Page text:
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If I had that book, I would give it to you.

I don't have the book, but if I did have it, I would give it to you.

If I had had that book, I would have given it to you.

I didn't have the book, but if I had the book, I would've given it to you.

Are both the interpretations correct?

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    Both are correct. – P. E. Dant Jul 3 '16 at 18:43
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    The first may also refer to a past habitual action: "On many occasions when we were students together you asked me for a book, and on each occasion, if I had that book I would give it to you." Ambiguities of this sort are generally ignored in teaching the 'n-conditionals', which is one reason many of us deplore this pedagogic categorization. – StoneyB Jul 3 '16 at 20:06
  • @StoneyB If there is one thing in the English language that I would eliminate if I were granted magical powers, it is the necessity, in certain narrowly defined circumstances, of using the construction "had had." – P. E. Dant Jul 4 '16 at 3:57
  • @P.E.Dant 1) I don't think had had is necessary in OP's second example. 2) Had had is eroding. What folks actually say is 'd had, and they're drifting toward 'da had. – StoneyB Jul 4 '16 at 10:16
  • Possible duplicate of Doubts with second and third conditional – Alan Carmack Aug 13 '16 at 4:32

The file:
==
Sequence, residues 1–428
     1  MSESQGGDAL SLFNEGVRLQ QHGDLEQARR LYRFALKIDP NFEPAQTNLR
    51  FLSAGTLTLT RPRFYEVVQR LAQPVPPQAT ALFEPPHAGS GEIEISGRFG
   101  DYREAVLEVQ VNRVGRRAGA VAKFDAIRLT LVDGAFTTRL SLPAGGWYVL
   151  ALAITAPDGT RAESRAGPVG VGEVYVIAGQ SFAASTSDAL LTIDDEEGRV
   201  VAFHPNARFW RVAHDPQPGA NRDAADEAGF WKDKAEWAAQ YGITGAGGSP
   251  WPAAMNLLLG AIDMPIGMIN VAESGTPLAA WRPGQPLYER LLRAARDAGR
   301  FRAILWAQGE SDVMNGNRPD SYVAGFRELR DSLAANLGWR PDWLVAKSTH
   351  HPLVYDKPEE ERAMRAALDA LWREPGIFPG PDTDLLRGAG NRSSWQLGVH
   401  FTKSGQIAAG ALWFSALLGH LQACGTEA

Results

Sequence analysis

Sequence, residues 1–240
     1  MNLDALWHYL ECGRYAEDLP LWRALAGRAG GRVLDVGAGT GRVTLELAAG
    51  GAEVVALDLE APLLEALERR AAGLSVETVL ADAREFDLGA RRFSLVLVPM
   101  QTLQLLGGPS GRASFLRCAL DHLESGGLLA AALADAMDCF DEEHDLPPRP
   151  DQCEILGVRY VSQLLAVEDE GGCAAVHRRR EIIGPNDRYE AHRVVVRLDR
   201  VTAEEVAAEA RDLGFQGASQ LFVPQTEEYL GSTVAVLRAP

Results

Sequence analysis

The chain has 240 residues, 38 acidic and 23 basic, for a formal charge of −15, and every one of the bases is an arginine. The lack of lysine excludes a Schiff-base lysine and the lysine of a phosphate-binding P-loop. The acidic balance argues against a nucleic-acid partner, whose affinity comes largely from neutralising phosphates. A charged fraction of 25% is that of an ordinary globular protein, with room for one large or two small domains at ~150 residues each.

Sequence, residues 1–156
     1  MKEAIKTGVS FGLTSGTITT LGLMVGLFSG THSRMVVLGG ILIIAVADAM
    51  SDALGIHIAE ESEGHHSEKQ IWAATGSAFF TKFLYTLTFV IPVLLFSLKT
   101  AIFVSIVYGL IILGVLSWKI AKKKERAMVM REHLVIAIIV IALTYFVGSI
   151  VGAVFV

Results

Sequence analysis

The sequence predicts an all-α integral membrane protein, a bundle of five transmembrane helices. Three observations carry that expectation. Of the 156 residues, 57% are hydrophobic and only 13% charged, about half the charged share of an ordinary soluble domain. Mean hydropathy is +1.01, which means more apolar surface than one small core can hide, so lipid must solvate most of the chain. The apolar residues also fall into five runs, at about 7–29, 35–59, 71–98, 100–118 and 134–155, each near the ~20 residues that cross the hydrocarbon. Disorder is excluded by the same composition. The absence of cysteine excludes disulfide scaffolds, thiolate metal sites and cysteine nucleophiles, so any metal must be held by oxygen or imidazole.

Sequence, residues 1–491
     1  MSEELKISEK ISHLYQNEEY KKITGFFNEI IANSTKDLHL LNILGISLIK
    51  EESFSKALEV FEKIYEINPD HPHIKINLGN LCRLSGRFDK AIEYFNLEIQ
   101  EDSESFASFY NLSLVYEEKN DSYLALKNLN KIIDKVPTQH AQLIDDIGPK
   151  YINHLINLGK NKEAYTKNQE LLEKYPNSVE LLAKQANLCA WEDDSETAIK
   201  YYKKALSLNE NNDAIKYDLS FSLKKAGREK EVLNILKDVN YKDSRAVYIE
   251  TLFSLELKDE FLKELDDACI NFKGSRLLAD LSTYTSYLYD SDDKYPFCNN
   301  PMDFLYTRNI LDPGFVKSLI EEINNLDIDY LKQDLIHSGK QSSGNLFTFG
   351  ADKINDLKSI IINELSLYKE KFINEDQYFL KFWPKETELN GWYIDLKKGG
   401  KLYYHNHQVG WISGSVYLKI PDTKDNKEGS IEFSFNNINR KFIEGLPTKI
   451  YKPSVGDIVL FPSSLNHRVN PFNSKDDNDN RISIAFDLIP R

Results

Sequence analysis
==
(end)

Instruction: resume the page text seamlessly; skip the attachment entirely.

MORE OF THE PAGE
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What seems confusing to me about the 3d Conditional sentence is that the "interpretation" is the same sentence without the double use of "had":

If I had had that book, I would have given it to you.

If I had the book, I would have given it to you.

Whether the use of the double "had" with a non-action verb, which "have" is here, in a 3d Conditional sentence correct, is another question.

Nevertheless, here is an example of the use of the double "had" when "have" is an action verb:

He has already had a drink, so he can't drive her home. (That's why she's going to order a taxi.)

If he hadn't had a drink, he could have driven her home. (That's why she got home by taxi.)

Also, see here.

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